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Afr J Prim Health Care Fam Med ; 13(1): e1-e9, 2021 Dec 09.
Article in English | MEDLINE | ID: covidwho-1580227


BACKGROUND: The coronavirus pandemic has put extreme pressure on health care services in South Africa. AIM: To describe the design, patients and outcomes of a field hospital during the first wave of the coronavirus disease 2019 (COVID-19) pandemic. SETTING: The Cape Town International Convention Centre was the first location in Cape Town to be commissioned as a field hospital that would serve as an intermediate care bed facility. METHODS: This was a retrospective descriptive study of patients admitted to this facility between 8th June 2020 and 14th August 2020 using deidentified data extracted from patient records. RESULTS: There were 1502 patients admitted, 56.4% female, with a mean age of 58.6 years (standard deviation [s.d.]: 14.2). The majority of patients (82.9%) had at least one comorbidity, whilst 15.4% had three or more. Nearly 80.0% (79.8%) of patients required oxygen and 63.5% received steroids, and only 5.7% of patients were required to be transferred for escalation of care. The mean length of stay was 6 days (s.d.: 4.8) with an overall mortality of 5.7%. CONCLUSION: This study highlights the role of a field hospital in providing surge capacity. Its use halved the predicted duration of stay at acute care hospitals, allowing them the capacity to manage more unstable and critical patients. Adaptability and responsivity as well as adequate referral platforms proved to be crucial. Daily communication with the whole health care service platform was a critical success factor. This study provides information to assist future health planning and strategy development in the current pandemic and future disease outbreaks.

COVID-19 , Female , Humans , Male , Middle Aged , Mobile Health Units , Retrospective Studies , SARS-CoV-2 , South Africa/epidemiology , United States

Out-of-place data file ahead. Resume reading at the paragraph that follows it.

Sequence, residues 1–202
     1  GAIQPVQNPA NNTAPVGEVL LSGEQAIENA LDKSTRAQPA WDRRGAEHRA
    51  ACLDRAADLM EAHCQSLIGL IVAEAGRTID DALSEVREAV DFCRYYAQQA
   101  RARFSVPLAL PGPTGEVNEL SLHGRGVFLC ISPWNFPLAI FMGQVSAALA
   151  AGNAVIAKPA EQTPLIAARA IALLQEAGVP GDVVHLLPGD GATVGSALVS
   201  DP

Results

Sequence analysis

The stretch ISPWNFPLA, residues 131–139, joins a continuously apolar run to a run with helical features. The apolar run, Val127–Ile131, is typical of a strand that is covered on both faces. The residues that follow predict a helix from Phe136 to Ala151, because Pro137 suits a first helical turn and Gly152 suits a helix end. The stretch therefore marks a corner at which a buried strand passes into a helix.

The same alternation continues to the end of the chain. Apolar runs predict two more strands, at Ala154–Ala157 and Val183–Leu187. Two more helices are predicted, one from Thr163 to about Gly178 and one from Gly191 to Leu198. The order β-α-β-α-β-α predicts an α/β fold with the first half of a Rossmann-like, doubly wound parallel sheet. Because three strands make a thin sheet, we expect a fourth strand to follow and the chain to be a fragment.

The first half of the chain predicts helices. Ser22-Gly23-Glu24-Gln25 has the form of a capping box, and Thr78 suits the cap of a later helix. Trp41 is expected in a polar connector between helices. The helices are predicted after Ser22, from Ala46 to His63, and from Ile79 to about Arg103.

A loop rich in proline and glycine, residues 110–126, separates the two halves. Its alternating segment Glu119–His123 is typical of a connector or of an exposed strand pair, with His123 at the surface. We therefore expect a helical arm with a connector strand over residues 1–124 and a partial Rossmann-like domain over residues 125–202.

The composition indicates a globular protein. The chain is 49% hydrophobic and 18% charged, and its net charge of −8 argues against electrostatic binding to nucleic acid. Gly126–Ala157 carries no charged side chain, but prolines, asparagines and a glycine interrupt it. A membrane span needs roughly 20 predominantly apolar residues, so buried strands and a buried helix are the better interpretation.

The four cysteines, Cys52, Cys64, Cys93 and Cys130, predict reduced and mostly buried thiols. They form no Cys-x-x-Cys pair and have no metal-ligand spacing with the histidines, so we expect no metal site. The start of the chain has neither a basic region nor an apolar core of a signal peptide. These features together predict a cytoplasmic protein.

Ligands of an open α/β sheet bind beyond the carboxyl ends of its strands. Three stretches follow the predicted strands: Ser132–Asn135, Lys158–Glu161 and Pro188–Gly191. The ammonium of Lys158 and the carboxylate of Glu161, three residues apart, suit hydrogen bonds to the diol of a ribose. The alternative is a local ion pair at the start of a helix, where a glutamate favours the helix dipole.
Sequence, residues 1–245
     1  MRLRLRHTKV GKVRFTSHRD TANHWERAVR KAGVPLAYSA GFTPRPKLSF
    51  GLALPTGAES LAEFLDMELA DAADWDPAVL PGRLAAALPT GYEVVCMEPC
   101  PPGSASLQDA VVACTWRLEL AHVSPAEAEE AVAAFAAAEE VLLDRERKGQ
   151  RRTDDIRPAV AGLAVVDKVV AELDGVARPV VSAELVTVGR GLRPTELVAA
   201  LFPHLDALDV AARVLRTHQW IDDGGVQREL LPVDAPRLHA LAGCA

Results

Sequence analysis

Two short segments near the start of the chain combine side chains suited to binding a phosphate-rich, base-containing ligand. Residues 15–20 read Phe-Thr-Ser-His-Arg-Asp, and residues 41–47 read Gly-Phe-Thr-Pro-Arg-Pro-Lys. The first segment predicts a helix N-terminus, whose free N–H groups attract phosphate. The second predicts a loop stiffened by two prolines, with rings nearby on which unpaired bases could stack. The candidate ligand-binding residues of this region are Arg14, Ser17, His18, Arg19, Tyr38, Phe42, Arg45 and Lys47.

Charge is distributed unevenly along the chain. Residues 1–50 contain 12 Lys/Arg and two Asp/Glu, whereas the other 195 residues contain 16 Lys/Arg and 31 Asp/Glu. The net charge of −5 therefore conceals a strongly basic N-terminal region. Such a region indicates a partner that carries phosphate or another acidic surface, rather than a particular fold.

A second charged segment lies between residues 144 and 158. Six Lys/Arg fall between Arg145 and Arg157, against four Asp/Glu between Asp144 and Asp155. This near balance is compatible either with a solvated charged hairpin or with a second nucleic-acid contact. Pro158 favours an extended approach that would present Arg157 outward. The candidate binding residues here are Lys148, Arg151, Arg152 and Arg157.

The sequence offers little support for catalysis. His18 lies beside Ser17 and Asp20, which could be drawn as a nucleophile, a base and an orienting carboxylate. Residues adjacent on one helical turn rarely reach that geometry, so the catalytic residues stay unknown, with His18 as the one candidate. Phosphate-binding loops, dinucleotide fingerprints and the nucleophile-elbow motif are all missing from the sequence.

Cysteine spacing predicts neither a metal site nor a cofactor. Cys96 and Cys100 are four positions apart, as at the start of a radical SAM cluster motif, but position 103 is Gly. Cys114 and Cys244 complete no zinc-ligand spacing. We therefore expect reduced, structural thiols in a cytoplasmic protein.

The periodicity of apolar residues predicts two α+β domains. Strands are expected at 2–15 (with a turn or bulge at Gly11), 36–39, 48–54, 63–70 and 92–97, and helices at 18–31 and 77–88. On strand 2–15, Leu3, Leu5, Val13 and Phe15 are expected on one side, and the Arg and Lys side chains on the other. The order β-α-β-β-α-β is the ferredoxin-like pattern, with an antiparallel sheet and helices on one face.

Age Ageing ; 50(2): 335-340, 2021 02 26.
Article in English | MEDLINE | ID: covidwho-766513


The care and support of older people residing in long-term care facilities during the COVID-19 pandemic has created new and unanticipated uncertainties for staff. In this short report, we present our analyses of the uncertainties of care home managers and staff expressed in a self-formed closed WhatsApp™ discussion group during the first stages of the pandemic in the UK. We categorised their wide-ranging questions to understand what information would address these uncertainties and provide support. We have been able to demonstrate that almost one-third of these uncertainties could have been tackled immediately through timely, responsive and unambiguous fact-based guidance. The other uncertainties require appraisal, synthesis and summary of existing evidence, commissioning or provision of a sector- informed research agenda for medium to long term. The questions represent wider internationally relevant care home pandemic-related uncertainties.

Attitude of Health Personnel , COVID-19 , Delivery of Health Care , Health Personnel , Homes for the Aged/organization & administration , Long-Term Care , Nursing Homes/organization & administration , Uncertainty , Aged , COVID-19/epidemiology , COVID-19/prevention & control , COVID-19/therapy , Delivery of Health Care/ethics , Delivery of Health Care/methods , Delivery of Health Care/organization & administration , Focus Groups , Health Personnel/economics , Health Personnel/ethics , Health Personnel/psychology , Health Services Needs and Demand , Humans , Long-Term Care/ethics , Long-Term Care/methods , Long-Term Care/psychology , Qualitative Research , SARS-CoV-2 , United Kingdom/epidemiology